March 16, 2009 -- Question: Will I experience erectile dysfunction after prostate surgery?
Answer: Many men are concerned about the side effect of erectile dysfunction after prostate surgery. The recovery of erections depends on the age at which you undergo prostatectomy -- the older you are, the less likely you are able to recover normal erectile function.
The recovery of erectile function also depends on whether your cancer allows both your neurovascular bundles to be preserved or just one. If only one bundle is preserved, your chance of recovering erectile function is cut in half.
Finally, and the most important factor about recovery of erectile function, is the skill of your surgeon. The neurovascular bundles are located only 3 millimeters away from the prostate. In order to preserve them, the surgeon has to be highly skilled. Generally speaking, an excellent surgeon should have the erectile function recover and the majority of his or her patients who have both nerves spared, and in almost all patients in whom both nerves are spared who are less than 50 years old. In fact, there's pretty good data now that in general, about 70 percent of men at centers of excellence should recover erectile function, and as I said, almost all men under age 50 should recover erectile function.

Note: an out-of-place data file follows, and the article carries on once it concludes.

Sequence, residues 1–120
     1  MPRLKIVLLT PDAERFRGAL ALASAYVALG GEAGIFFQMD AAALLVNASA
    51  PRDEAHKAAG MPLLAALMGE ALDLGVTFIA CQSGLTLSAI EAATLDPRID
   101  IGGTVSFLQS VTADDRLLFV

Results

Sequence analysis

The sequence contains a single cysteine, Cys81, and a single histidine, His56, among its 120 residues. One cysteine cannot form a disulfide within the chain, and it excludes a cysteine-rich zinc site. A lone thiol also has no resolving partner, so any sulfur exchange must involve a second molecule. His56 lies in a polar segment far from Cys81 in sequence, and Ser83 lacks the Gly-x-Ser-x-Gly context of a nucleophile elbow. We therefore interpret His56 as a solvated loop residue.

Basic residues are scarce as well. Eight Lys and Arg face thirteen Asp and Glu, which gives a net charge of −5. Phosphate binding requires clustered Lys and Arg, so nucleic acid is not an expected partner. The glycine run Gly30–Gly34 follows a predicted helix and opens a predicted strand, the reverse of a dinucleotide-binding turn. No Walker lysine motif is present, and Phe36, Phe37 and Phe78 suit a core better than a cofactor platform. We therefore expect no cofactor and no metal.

Patients should be very careful when selecting their surgeon if erectile function is important to them. Patients should ask for the personal results of their surgeon on potency preservation in men who are younger and whom both nerves are spared. If that surgeon cannot provide information about potency preservation, a patient should probably consider shopping for a different surgeon.